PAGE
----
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Mr. Chairman and Members of the Committee :

My name is John Buchanan and I am here today on behalf of People for the American Way, a nonprofitt, nonpartisan, First Amendment citizens' group working to protect individual freedoms. I am pleased to appear today to present our views on the subject of religious freedom and the mixing of religion and politics.

Our only partisanship is on behalf of the constitutional liberties of American citizens — in 1984, an especially timely issue. This year, Americans will elect a President whose term will expire in 1989 -- the year the Bill of Rights was proposed and the 201st anniversary of the Constitution. This constitution has been the guiding document for the oldest and most successful democracy on the face of the earth.

People for the American Way is working to ensure that on the bicentennial of the Constitution American citizens will continue to enjoy their full constitutional liberties.

I am making a profoundly conservative paint — that both major parties, Democrats and Republicans, should resist any and all attempts to weaken or dilute the First Amendment to the Constitution. The First Amendment is the cornerstone of the Bill of Rights. It protects freedom of speech, of the press, and the right to petition. Above all, it is the guarantor of the individual citizen's freedom of conscience, and of the separation of church and state.

Like md Thions of deeply religious Americans, I believe in a strict construction of the First Amendment. I believe that the First Amendment means what it says: "Congress shall make no law respecting an establishment of religion, or prohibiting the free exercise thereof..." The intent was not only to prevent organized religion from dominating : government, but also — and equally important -- to prevent government from interfering with the individual citizen's right to worship God as he or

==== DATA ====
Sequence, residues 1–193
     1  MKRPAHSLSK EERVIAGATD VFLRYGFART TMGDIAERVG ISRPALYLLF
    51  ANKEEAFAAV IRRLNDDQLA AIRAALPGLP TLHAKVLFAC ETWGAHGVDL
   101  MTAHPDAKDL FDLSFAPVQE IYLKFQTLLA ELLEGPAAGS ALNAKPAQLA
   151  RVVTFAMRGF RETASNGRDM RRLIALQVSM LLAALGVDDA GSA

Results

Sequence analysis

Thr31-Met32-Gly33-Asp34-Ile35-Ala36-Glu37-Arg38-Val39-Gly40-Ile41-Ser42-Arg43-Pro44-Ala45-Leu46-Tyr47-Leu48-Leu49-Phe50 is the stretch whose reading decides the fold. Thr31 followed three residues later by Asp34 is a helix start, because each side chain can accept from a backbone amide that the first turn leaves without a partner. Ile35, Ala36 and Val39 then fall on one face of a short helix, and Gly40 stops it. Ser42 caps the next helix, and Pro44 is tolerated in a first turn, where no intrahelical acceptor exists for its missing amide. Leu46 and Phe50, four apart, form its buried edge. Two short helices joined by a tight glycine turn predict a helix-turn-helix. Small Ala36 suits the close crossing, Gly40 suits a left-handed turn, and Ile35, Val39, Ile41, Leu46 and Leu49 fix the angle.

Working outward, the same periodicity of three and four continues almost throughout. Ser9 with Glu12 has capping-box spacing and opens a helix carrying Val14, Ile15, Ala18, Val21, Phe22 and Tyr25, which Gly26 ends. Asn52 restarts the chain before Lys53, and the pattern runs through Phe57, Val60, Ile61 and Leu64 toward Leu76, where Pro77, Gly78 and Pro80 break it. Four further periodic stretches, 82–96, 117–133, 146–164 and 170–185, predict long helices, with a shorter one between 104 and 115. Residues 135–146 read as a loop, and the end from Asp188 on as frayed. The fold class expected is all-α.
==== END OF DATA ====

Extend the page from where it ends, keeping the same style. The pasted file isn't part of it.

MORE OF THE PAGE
she chooses.

Assaults upon the First Amendment may take many formas: for instance, there is the recently debated proposed school prayer amendment. There is no power on earth which can prevent a person of faith from praying in school or anywhere else. In fact, as Congressman Charles Rose once said, "As long as there are math tests, there will be prayer in public schools." Along with many main stream religious leaders, however, we have deep concerns about state-prescribed and state-composed prayer in the public schools.

Another threat comes from the host of proposals to declare the United States a "Christian" nation, as if there is a uniformity of belief among Catholics, Protestants, and believers in the Eastern Orthodox Church, and as if Jews and other members of minority religions are something less than first-class citizens.

The "Christian Nation" movement is part of a frightening new development in our national life - a misuse of religion for narrow political ends. Some critics claim that it is inappropriate to mix religion and palitics. That claim, like the counter argument that religious leaders have a right to speak out on political issues, is often designed to end the discussion.

We are interested, however, in discussion, and to that end People For has just published an issue paper entitled "10 Rules for Mixing Religion and Politics" by Jim Castelli. Mr. Castelli is the Washington Bureau Chief for Our Sunday Visitor, the largest U.S. Catholic weekly, and author of a syndicated religion calumn. I would like to read from "10 Rules for Mixing Religion and Politics," because the paints it makes address directly the matter before the subcommittee today.